Any change in behavior should first be addressed by a check-up at the veterinarian to make sure your cat is in good shape. This is especially true for litter box avoidance problems or spraying, which is often caused by health issues.
Your veterinarian can also help to guide you in addressing the behavior if it is behavioral. They may suggest things like adding litter boxes to your home, changing the style of your current boxes or litter, or scooping the boxes more often.
If your cats are fighting or one is attacking the other in a non-playful manner, separate them immediately before more damage is done to their relationship or one of them seriously hurts the other.
Then begin the reintroduction process. This can be lengthy, but as someone who’s gone through these steps, it’s worth it in the end!
Redirect their Behavior
It’s much easier to redirect a behavior than to stop it completely. In some instances, this is the only way you and your cat will live happily together.
For instance, let’s say your cat is scratching your brand new couch. You have to stop this before they shred it to pieces!
But if you expect your cat not to scratch at all, that’s never going to work. Scratching is instinctual for cats.
Some people may turn to declawing in this instance, but declawing doesn’t just take a cat’s claws—it’s an amputation surgery that takespart of your cat’s toes as well.This inhumane process doesn’t just take your cat’s natural scratching instincts from them, but will also lead to health problems throughout your cat’s life.
Instead, you would fix your cat scratching the couch by providing several types of scratching posts in the places where your cat likes to hang out. Perhaps you place one right in front of the couch, and then move it gradually to a more convenient place once your cat is scratching it consistently.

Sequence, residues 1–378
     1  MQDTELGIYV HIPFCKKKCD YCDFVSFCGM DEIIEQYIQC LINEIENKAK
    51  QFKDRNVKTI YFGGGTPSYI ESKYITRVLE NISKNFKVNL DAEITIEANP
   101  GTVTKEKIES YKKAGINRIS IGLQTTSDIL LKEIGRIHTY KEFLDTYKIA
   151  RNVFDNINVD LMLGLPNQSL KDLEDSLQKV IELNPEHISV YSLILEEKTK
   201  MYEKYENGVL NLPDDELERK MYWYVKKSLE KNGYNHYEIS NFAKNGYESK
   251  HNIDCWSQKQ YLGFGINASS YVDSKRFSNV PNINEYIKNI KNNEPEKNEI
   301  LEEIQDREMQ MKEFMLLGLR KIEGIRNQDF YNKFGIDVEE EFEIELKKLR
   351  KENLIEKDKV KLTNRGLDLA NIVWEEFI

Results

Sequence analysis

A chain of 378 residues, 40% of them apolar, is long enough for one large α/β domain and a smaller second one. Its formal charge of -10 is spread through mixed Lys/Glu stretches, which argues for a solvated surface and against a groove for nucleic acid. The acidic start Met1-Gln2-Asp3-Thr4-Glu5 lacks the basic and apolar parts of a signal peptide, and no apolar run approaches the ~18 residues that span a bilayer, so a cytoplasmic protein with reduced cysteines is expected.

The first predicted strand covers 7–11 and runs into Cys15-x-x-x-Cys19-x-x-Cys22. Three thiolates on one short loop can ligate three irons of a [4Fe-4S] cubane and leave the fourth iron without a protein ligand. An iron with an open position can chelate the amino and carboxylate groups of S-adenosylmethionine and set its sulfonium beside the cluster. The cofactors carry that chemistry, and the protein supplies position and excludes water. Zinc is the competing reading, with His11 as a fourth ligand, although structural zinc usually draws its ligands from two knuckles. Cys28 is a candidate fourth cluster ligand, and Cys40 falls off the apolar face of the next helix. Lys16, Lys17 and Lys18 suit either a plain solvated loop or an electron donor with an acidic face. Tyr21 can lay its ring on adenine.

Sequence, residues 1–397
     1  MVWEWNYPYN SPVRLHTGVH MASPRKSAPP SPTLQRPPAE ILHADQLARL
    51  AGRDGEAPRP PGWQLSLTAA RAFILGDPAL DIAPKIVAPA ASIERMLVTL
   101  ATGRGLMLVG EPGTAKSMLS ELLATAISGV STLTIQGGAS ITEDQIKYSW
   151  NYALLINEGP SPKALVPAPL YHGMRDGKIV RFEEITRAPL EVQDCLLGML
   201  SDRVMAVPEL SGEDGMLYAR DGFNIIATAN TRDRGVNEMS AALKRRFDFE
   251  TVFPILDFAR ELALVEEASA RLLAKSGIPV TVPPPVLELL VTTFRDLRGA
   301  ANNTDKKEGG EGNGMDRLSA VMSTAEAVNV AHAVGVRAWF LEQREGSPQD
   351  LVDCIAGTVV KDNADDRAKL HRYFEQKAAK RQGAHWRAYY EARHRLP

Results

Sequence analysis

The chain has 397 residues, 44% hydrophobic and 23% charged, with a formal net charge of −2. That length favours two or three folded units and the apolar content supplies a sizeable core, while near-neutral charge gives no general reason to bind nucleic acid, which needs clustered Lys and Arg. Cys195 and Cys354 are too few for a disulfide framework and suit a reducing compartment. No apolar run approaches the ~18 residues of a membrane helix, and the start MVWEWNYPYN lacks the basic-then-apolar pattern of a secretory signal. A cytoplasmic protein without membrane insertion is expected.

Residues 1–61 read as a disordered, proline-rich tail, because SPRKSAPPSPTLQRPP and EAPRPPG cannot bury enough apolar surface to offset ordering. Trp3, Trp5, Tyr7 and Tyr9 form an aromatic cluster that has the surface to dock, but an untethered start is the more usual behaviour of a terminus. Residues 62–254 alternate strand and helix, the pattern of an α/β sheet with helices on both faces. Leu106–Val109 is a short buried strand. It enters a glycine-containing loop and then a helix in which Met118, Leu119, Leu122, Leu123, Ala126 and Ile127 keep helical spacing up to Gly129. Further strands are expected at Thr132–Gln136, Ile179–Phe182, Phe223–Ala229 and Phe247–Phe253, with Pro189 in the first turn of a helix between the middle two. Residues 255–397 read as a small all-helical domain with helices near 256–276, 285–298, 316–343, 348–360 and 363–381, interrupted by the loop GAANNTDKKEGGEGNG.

When your cat claws at the furniture, gently move them to the scratching post instead. You can also apply catnip to the post to make it even more appealing.
This is a simple scenario, but you can apply this practice to almost any problem behavior. A cat who jumps on counters may need a more appealing kitchen perch. If your cat eats your houseplants, give them their own cat grass to munch on.
Once you have a place to redirect your cat’s behavior to, it’s time to make it super appealing for them! Sprinkle some cat nip around. Add toys or other activities to the area.
After you’ve given your cat this wonderful alternative, you can begin the next step: adding deterrents to the place you don’t want them to be!
Use Consistent Deterrents
You can’t stand guard forever to stop your cat from doing what they aren’t supposed to. You have to work and sleep!
This, along with damage to your relationship, is why you shouldn’t depend on spraying your cat with water.
Instead, use consistent deterrents that your cat won’t associate with you. There are plenty of options, from double-sided tape to scent deterrents to motion-activated devices that direct a burst of air at your cat.
Let’s go back to our example of a cat jumping on a counter. If they discover that they are met with something unpleasant every time, like a burst of air or sticky tape on their paws, they’ll eventually learn not to jump up there in the first place.
I’ve heard that you can then remove the deterrent, and your cat will still avoid the counters. However, this process has never worked for me.
Everyone’s experience is different, but my cats seem to need a permanent deterrent as they’ll try again every so often to see if things have changed. Maybe they’re just extra-stubborn, or maybe you’ll find this to be true for your cats as well.
The best thing about these deterrents, aside from the consistency, is that our cats typically don’t associate them with us, but with the action they’re performing. It acts almost like a natural consequence that they seek to avoid, rather than a punishment doled out by us.
I am a freelance writer who specializes in the pet industry. My full bio